Heap: dynamic memory allocation

Heaps are used to dynamically allocate chunks of memory smaller than the granularity of one page.

Note: One can request a large allocation from the heap, but in Theseus it will be backed by an individually-created MappedPages object of newly-allocated pages and frames that are mapped to one another, so it's generally less efficient to use the heap for large allocations.

In Theseus, the primary purpose of the heap is to enable the usage of Rust's alloc types, e.g., Box, Arc, Vec, and other dynamically-allocated collections types. Heap allocators must implement Rust's GlobalAlloc trait in order to be used as the backing allocator behind these alloc types. how we integrate that with Rust's (old) requirement of a single global allocator.

Overview of Relevant Crates

  • heap: the default heap implementation that offers a static singleton fixed-size block allocator.
    • This is the first heap initialized and created during early OS boot.
    • block_allocator: the underlying allocator implementation that optimizes allocations of common power-of-two sizes, e.g., 8 bytes, 32 bytes, etc.
  • multiple_heaps: a more complex allocator that implements multiple heaps of arbitrary sizes and usage patterns.
    • Each internal heap instance is based on a zone allocator, which are modified versions of slab allocators from the slabmalloc crate.
    • Unused heap space can easily be transferred among different internal heap instances for rapid, efficient heap growth.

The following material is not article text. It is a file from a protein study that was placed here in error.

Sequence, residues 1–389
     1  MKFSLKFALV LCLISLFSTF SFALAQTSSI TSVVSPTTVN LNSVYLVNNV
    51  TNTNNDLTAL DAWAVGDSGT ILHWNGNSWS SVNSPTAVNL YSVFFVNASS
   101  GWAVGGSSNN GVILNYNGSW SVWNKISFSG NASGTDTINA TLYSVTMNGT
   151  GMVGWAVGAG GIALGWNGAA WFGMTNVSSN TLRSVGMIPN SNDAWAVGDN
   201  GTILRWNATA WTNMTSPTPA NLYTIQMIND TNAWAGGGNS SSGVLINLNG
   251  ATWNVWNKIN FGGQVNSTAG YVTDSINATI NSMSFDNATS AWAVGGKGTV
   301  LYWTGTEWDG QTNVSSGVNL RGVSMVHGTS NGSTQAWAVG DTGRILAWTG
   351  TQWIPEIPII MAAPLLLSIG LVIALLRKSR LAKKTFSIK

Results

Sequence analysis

• Currently, one internal heap is created for each CPU core, with the core ID being used to identify and select which heap should be used for allocation.
    • It is trivially easy to use multiple_heaps in a different way, such as per-task heaps or per-namespace heaps.

One unique aspect of Theseus's "combination" heap design is that the early heap, fully-featured heap, and per-core dedicated heaps are all combined into a single heap abstraction that can be accessed via singleton global heap instance. It starts out with the simple block allocator described above, and then once more key system functionality has been initialized during OS boot, the switch_to_multiple_heaps() function is invoked to transparently activate the more complex, per-core heap allocators.

Another unique aspect of heaps in Theseus is that all entities across the system use and share the same set of global heaps. This allows allocations to seamlessly flow and be passed among applications, libraries, and kernel entities without the need for inefficient and complex exchange heaps used in other SAS OSes.

Note: Theseus's combination heap design was implemented before Rust's alloc types supported non-global allocators and placement constructors.

We haven't yet investigated how to break these heap instances down into individual allocators that can be used with specific allocation placement functions like Box::new_in().

If you're interested in working on this, please file an issue on GitHub or otherwise contact the Theseus maintainers.